Monday, June 20, 2011

Book Review: The Fall of Satan

The Fall of Satan by Bodie Hodge, is one of those books where I stared at the description quite some time before deciding that I wanted to review it.

Given that, I still failed to grasp that this book was going to be in a question and answer format.  I was expecting something different.  The Q&A aspect does work for the topic though.

From the publisher: 
The ruler of darkness... the Tempter... the Great Red Dragon... Apollyon; the Destroyer... One being is revealed to have all these titles and more... names that reveal his horrific nature... All names given to Satan, your adversary who comes like a lion "seeking whom he may devour" (1 Peter 5:8).
Today, many question and even mock the very existence of Satan, as well as the reality of evil. Even in the Church, by and large, there are few biblical resources on the subject to counter the destructive claims raised in today's humanistic culture. In The Fall of Satan: Rebels in the Garden you will discover the answers to 35 captivating questions, such as:
  • How could one created good become so absorbed by evil?
  • Why would God, who is not evil, allow evil to continue to exist?
  • Did sin begin with Adam or was its origin found in Satan?
  • When did Satan rebel against God's authority?
Where can the answers be found to such provocative, spiritual questions that have been asked so many times over? Carefully consider the biblical response, since it is the only completely reliable foundation for information about Satan. As our absolute authority, we must reject unqualified conclusions drawn from sources outside the Bible, such as the current ideas and traditions of the culture. No believer should be unaware of these sound answers found in the Bible.
My take:  I have mixed reactions to this book.  I was expecting a book about Satan and about evil.  I was not expecting questions like "Shouldn't Eve have been a clone of Adam?" or "Did Adam and Even have to sleep before the Fall?"  I think I expected more about Satan and less about Adam and Eve.  So in that I was disappointed.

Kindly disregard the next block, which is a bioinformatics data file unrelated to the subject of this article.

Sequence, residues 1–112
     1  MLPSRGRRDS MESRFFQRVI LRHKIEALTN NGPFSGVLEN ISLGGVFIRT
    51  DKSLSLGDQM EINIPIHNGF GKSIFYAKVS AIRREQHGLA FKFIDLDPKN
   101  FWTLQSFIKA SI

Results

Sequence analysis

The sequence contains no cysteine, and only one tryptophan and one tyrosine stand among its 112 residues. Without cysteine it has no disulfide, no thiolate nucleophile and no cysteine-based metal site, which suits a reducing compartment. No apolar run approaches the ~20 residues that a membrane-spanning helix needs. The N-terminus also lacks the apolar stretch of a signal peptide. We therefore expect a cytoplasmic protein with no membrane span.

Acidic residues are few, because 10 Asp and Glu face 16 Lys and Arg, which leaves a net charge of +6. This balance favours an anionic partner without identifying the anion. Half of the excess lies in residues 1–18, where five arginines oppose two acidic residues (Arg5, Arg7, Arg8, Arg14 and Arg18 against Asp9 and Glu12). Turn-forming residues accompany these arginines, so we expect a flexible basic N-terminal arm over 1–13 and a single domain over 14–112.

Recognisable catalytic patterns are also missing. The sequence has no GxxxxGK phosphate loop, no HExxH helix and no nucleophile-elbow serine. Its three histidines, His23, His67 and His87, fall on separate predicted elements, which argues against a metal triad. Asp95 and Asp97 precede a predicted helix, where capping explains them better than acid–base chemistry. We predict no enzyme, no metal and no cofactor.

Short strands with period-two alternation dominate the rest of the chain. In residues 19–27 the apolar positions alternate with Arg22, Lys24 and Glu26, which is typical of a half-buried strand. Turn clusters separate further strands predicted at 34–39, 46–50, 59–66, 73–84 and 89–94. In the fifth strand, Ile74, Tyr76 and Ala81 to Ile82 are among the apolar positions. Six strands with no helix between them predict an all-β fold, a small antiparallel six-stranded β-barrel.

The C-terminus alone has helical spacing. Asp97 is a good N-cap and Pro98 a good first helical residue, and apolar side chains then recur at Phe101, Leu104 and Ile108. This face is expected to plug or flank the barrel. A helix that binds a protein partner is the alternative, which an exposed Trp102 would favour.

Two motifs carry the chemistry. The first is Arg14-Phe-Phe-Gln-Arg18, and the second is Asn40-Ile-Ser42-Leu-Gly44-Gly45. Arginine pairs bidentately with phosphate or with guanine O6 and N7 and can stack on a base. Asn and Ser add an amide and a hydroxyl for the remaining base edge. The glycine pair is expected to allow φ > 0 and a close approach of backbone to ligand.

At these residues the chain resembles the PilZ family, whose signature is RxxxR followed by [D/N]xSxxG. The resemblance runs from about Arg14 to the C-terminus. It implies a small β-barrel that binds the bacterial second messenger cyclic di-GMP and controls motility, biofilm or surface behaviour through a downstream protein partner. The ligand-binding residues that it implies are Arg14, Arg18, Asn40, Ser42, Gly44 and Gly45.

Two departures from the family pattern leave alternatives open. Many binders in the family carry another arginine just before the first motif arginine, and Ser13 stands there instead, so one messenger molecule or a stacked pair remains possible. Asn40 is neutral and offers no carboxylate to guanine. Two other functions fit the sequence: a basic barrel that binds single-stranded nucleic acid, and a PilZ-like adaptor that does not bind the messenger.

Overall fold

I expected more of this book to reference the New Testament, particularly Revelation.  I guess the title The Fall of Satan should have clued me in that this was going to be primarily based in Genesis.  Like I said, even studying the publisher's description, I somehow had a really different picture of what this book would be about.

So my disappointments are primarily in what I expected vs. what was actually in the book.  The questions like "Did the serpent originally have legs?" were terrific, and the Satan-specific questions comprise enough of the book that I feel this title has value.

I'll confess I skimmed a few of the Q&A sections.  I've read some of this stuff in so many other books, it was hard to go through it again.  So, in my opinion, parts of this book were excellent.  And if you haven't read lots of other young earth creationist materials that talk about the fall of man, you will probably get more out of the parts I tended to skim.

Disclaimer:   I received this book for free through the Page Turners program from New Leaf Publishing Group.  No other compensation was received.  The fact that I received a complimentary product does not guarantee a favorable review.  

No comments: